{"api":{"host":"https:\/\/pinot.decanter.com","authorization":"Bearer M2I1MDBlMDhkYTljYzMyODcwOWMxN2ExZDRmYjc0OGVmNGY5NWQwZmE3Mzc0NjE4OTRjMzU5NmY5YTUwZDY4NA","version":"2.0"},"piano":{"sandbox":"false","aid":"6qv8OniKQO","rid":"RJXC8OC","offerId":"OFPHMJWYB8UK","offerTemplateId":"OFPHMJWYB8UK","wcTemplateId":"OTOW5EUWVZ4B"}}

Australian terroir will triumph: Croser

Australia may be the world’s preeminent producer of bulk wines but its regional wines can and will rival the old world, veteran winemaker Brian Croser said this week.

Speaking at the Wine and Spirit Education Trust Annual Lecture at Vintner’s Hall in London on Monday, the Petaluma chairman told an audience of wine professionals that there is no reason Australia should not become world-renowned as a producer of the highest-quality regionally-differentiated wines.

Croser – whose address was entitled ‘Brand or Authenticity?’ – said he had become disillusioned by his country’s seeming obsession with ‘feeding the maw of the market with wines…marketed and blended to eliminate any attribute worthy of thought or conversation other than “it’s good value for money”.’

But, with ‘premium regions which are not much different to vast areas of the French vineyard’ Australia can compete with the finest regional wines.

Croser, an avowed disciple of the concept of terroir, said Australia could be a bulk producer, as well as a source of terroir-driven wines.

‘Domestic consumers accept the co-existence of both premium and branded commodity wine producers in their own back yard in California, Australia and even France,’ he said.

The secret lies in consumer knowledge, and globalisation. While the mass market is often seen as anathema to smaller producers, Croser suggests the opposite is true: ‘regionally differentiated premium wine and branded commodity wine can not only coexist but consumption of one can lead to consumption of the other in an expanding market.’

Quoting Kym Anderson, economics professor at Adelaide University, he suggested consumers initiated into wine by brands such as Jacob’s Creek, graduate onto ‘superior and more varied wines’ and learn to ‘differentiate between not just countries of origin but regions within them.’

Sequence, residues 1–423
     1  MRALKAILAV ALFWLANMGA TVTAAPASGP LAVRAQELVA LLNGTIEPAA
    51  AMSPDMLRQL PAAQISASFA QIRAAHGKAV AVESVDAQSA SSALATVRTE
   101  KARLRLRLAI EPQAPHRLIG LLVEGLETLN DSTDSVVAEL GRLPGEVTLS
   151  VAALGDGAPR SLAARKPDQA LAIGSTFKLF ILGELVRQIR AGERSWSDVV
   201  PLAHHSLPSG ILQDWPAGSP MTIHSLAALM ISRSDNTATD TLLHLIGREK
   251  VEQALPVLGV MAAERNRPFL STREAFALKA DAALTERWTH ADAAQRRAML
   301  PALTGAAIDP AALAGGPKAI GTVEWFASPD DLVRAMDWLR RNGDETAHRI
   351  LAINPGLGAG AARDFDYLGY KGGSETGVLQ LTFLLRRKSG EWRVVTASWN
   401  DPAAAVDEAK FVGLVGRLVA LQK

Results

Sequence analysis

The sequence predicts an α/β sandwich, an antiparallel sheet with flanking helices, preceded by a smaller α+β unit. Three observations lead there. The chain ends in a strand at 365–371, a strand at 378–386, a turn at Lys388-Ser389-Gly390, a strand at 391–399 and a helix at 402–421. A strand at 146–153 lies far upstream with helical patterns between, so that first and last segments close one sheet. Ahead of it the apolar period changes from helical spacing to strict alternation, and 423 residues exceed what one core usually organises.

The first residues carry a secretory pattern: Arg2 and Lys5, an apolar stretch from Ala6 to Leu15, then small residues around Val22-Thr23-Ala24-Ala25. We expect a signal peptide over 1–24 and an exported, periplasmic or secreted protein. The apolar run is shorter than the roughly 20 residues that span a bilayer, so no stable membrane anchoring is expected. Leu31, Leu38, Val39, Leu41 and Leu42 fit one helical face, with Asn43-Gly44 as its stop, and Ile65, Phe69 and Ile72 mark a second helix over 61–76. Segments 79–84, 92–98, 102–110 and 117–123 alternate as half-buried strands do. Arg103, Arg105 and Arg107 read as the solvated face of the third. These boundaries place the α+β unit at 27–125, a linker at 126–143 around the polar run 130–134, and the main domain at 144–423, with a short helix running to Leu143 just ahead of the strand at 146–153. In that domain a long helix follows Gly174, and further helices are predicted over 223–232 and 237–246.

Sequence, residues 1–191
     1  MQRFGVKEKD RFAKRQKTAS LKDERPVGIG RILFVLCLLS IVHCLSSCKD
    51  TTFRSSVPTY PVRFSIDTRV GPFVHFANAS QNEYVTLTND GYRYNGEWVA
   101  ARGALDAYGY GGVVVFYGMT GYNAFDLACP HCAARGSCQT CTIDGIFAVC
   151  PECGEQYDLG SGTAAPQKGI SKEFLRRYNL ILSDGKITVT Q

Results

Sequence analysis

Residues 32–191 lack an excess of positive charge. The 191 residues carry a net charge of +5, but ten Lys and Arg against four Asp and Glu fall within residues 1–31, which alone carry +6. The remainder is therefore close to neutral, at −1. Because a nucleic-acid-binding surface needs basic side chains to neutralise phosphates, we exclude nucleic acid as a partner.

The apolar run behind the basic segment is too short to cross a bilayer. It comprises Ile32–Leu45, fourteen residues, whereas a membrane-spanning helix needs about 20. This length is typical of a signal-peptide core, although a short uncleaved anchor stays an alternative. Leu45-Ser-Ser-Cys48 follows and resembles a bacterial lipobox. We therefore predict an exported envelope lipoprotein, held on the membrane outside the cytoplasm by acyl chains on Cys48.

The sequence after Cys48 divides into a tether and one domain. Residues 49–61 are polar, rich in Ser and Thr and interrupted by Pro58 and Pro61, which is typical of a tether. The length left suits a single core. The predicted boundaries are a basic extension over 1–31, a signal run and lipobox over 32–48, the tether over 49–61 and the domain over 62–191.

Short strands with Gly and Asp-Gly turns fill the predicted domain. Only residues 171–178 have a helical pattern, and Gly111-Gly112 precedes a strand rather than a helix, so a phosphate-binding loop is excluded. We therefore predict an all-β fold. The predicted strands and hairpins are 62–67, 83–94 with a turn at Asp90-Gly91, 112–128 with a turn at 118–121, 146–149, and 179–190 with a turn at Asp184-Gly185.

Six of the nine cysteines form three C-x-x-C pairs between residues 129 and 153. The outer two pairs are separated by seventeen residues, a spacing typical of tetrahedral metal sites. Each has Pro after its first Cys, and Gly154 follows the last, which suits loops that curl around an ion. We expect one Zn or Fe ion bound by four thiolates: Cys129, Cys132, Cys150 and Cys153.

And Australia’s dominance of global markets should give it the incentive to exploit its ‘regional wine treasure trove’.

That, Croser said, is his mission: to convince the world that Australia’s premium terroirs should not be obscured by its success with commodity wines. In fact, ‘therein lies an opportunity.’

Croser went on to say Australia had to be much more forward in promoting its regions and its varying terroirs. Taking the audience on a whistle-stop tour of the terroirs of his country from Margaret River in the west to Hunter Valley in the east, he lamented the complacency that often stalled ‘the restless search for excellence’.

‘No amount of international wine show success can justify the … lack of will to optimise the great potential of some Australian regions through investment in viticultural excellence.’

The lecture concluded in apocalyptic tone, with Croser invoking ‘the big march south’ of wine production, caused by climate change, population pressure and soaring land values. The old world would not lose out, but the new world would come into its own.

‘There is little doubt that Australia will fully develop its abundant potential as a supplier of some of the finest wines of the world as well as the reliable supplier of …commodity wine.’

picture courtesy Wine and Spirit Education Trust

Written by Adam Lechmere

Latest Wine News